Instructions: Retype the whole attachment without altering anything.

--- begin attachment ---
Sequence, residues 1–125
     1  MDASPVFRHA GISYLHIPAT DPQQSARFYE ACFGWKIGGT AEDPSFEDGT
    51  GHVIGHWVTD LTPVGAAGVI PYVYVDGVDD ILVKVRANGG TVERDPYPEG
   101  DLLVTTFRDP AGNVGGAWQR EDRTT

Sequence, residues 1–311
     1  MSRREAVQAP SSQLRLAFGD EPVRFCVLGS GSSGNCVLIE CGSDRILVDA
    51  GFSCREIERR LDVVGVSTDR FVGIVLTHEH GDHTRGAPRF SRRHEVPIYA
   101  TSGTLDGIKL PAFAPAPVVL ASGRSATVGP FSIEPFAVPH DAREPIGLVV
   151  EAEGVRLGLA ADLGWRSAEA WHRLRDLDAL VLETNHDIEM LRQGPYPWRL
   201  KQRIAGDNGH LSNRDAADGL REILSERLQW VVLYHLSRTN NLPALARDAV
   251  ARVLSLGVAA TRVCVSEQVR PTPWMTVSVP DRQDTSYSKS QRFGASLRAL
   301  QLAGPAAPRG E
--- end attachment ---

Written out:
Sequence, residues 1–125
     1  MDASPVFRHA GISYLHIPAT DPQQSARFYE ACFGWKIGGT AEDPSFEDGT
    51  GHVIGHWVTD LTPVGAAGVI PYVYVDGVDD ILVKVRANGG TVERDPYPEG
   101  DLLVTTFRDP AGNVGGAWQR EDRTT

Sequence, residues 1–311
     1  MSRREAVQAP SSQLRLAFGD EPVRFCVLGS GSSGNCVLIE CGSDRILVDA
    51  GFSCREIERR LDVVGVSTDR FVGIVLTHEH GDHTRGAPRF SRRHEVPIYA
   101  TSGTLDGIKL PAFAPAPVVL ASGRSATVGP FSIEPFAVPH DAREPIGLVV
   151  EAEGVRLGLA ADLGWRSAEA WHRLRDLDAL VLETNHDIEM LRQGPYPWRL
   201  KQRIAGDNGH LSNRDAADGL REILSERLQW VVLYHLSRTN NLPALARDAV
   251  ARVLSLGVAA TRVCVSEQVR PTPWMTVSVP DRQDTSYSKS QRFGASLRAL
   301  QLAGPAAPRG E